Bipartisanship at Last. At Least For Tax Breaks.
Facing a $900 million budget shortfall, politicians—Democrats and Republicans alike—are still pitching tax breaks.
The lefties at the Washington Budget & Policy Center have (reliably) quantified all the tax breaks that legislators are proposing this session: $410 million worth on everything from a machinery and equipment sales tax exemption sponsored by a Republican to a solar energy tax exemption sponsored by a Democrat, from a restaurant sales tax exemption sponsored by a Republican to a startup company exemption sponsored by a Democrat.
The flurry of tax breaks—we count 13 Republican prime sponsors and 11 Democratic prime sponsors for all the various bills (with Democrats and Republicans—and fence-straddling Sens. Tim Sheldon and Rodney Tom—signing on to this one or that one)—comes at a time when the legislature is trying to close a $900 million to $1.3 billion budget shortfall, plus looking for an additional $1.4 billion this biennium for K-12 funding to meet a Washington State Supreme Court mandate to fulfill the state's paramount duty, funding education.
The Washington Budget & Policy Center's blog, Schmudget—Yiddish for budget—has a post on the numbers.
We've added to their awesome research by identifying the Republican or Democratic prime sponsors of each bill along with a breakdown of party co-sponsors. Our point: Both parties are pitching breaks.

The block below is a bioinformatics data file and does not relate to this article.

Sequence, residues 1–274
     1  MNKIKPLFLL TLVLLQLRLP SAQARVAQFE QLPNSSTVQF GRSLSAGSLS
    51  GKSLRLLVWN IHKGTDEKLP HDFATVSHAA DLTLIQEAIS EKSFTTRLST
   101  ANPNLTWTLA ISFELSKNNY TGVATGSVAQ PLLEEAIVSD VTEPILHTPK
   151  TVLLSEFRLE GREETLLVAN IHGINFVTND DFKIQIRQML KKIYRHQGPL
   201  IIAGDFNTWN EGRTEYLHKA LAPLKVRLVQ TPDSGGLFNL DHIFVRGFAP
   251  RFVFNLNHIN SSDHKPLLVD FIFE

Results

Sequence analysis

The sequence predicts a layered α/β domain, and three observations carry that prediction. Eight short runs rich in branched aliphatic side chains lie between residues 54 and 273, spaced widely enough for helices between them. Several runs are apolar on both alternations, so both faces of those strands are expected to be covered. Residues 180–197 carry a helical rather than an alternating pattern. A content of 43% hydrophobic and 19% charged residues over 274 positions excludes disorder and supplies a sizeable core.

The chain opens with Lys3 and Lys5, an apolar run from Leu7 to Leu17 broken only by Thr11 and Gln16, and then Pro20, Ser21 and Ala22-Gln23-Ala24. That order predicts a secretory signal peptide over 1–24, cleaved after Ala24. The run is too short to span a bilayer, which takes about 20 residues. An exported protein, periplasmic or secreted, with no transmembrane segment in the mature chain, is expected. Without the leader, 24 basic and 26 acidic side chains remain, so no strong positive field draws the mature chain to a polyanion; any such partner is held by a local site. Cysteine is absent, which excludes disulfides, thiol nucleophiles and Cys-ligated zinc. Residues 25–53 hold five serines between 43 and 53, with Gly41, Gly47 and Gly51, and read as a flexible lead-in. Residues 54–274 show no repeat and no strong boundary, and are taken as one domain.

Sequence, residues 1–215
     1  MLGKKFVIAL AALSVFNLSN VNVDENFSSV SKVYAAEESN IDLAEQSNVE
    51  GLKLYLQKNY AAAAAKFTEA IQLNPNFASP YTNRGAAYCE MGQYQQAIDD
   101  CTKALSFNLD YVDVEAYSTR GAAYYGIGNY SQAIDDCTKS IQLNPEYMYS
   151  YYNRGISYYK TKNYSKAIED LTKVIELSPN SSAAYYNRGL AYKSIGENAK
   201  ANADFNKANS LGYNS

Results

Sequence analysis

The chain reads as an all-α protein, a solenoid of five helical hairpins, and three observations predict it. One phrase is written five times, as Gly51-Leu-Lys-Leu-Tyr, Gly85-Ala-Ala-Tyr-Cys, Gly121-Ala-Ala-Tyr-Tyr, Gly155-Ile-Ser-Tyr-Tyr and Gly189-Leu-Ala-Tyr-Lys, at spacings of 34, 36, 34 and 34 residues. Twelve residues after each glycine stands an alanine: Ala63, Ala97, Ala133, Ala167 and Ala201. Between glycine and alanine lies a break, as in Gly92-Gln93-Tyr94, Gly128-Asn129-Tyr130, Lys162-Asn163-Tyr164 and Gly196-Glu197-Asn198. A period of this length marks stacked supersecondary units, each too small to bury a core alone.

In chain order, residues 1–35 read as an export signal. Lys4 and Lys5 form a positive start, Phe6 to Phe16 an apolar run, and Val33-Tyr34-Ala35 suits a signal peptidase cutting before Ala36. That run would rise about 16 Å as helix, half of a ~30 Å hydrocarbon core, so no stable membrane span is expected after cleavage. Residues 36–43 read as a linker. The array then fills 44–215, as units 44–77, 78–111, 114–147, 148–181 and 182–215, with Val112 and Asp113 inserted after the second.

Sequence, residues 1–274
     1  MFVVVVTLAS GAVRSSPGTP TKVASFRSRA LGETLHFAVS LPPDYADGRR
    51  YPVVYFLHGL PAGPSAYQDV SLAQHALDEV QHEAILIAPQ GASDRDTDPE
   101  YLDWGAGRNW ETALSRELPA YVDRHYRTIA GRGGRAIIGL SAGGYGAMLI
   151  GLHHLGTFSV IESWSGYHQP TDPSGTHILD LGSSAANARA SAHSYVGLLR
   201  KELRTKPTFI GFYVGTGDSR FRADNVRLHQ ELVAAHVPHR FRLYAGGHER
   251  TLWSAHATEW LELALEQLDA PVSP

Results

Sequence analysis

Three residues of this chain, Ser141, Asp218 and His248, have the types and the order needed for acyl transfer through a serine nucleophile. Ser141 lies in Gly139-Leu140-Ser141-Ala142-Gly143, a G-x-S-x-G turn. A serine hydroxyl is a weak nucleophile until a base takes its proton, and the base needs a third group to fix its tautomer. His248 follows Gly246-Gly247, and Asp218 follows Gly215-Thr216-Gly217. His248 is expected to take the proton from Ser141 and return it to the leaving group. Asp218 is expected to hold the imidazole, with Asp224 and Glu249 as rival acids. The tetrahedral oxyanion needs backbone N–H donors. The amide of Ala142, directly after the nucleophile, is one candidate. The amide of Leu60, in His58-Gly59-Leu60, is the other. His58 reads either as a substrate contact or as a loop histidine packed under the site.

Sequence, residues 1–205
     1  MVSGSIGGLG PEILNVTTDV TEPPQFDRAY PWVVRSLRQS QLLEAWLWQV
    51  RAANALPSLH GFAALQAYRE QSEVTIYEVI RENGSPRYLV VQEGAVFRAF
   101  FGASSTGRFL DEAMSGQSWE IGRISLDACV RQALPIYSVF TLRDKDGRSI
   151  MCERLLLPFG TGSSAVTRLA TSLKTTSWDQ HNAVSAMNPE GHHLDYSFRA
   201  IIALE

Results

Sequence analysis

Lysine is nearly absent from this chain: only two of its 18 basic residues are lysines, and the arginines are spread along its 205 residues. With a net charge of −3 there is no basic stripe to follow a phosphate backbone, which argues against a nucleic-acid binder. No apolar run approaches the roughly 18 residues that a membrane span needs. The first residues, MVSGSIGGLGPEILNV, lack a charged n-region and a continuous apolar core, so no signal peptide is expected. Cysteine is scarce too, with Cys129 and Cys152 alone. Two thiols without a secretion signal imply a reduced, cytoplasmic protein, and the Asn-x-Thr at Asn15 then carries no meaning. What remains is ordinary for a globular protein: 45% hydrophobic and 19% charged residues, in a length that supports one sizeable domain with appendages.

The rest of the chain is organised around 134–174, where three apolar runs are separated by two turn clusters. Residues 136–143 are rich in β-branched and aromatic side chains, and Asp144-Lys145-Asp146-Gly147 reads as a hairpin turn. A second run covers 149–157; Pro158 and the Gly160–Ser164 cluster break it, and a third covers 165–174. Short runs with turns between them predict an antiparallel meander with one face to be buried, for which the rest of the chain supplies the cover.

Certainly, some tax breaks are more worthy than others—and in fact, it was a Republican who pointed out that a Democratic bill to end a batch of tax breaks would have hit nonprofit health care providers.
But while one person's giveaway is another person's just cause, the fact remains that Republicans and Democrats alike are trying to pass them; one—the $31 million giveaway for a school-supplies tax holiday we've written about—is being sponsored by a Democrat in the house and a Republican in the senate.
We've included one Schmudget left off—they say there was no way to calculate the loss—but it's one we're obsessed with (the luxury jet repair tax break). Our reporting shows repairs on jets can run an average of $50,000 to $150,000 per month. With the state's 9.5 percent tax, this could be more than $100,000 per year ... per plane.